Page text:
Canada’s housing slump has only just begun and it is premature to say the market will have a so-called soft landing, said David Madani, an economist at Toronto-based Capital Economics Ltd.
“We don’t expect prices to rebound this year,” Madani said today at the Bloomberg Economic Summit in Toronto.
Finance Minister Jim Flaherty has acted four times in the past five years to make mortgage-lending rules more restrictive amid concern that the Vancouver and Toronto markets were overheating. Flaherty has said he welcomes a slowdown of condominium construction in the two cities and has warned consumers, who have a record debt-to-disposable-income ratio of 165 percent, not to become overextended.
Madani, a former senior economist at the Bank of Canada, was the only person surveyed by Bloomberg News during the past two years who consistently predicted the central bank wouldn’t raise borrowing costs. Madani previously forecast home prices in the country would fall by 25 percent in the next few years.
Canadian housing starts declined for the first time in three months in April, led by multiple-unit projects, according to Ottawa-based Canadian Mortgage & Housing Corp.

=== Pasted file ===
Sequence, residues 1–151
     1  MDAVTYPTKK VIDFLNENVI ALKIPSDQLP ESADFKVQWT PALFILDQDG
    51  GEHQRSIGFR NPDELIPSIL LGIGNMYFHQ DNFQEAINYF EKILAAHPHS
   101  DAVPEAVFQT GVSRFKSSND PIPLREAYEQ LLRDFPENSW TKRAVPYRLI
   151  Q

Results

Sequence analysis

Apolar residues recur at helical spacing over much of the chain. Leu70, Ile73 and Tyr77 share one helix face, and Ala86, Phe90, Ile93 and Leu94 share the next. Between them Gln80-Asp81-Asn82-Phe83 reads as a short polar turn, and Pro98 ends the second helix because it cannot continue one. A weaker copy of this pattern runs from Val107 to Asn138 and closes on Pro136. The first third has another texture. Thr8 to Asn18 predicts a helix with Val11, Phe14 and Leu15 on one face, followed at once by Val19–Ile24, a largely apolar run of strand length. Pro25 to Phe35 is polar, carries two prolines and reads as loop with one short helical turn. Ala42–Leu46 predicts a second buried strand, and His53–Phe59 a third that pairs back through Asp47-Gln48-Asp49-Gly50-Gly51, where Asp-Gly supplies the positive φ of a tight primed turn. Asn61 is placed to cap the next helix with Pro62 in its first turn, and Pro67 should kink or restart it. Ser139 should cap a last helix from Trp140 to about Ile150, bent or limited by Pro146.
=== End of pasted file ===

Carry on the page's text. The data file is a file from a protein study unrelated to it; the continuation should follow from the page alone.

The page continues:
Work began on about 174,900 homes at a seasonally adjusted annual pace in April, down 3.5 percent from March and 31 percent below the year-ago pace.
Canadian home resale prices rose in April at the slowest annual pace since 2009 as Vancouver posted declines, according to the Teranet-National Bank Composite House Price Index. (TNBHICP)
The country’s mortgage changes didn’t have a “dramatic” effect, Phil Soper, chief executive officer of Brookfield Real Estate Services, said at the conference. Residential real estate markets only have 6.5 to 6.8 months of inventory at the current rate of sales, he said.
“All indications are we will have a soft landing” as developers slow development of new projects, Soper said.
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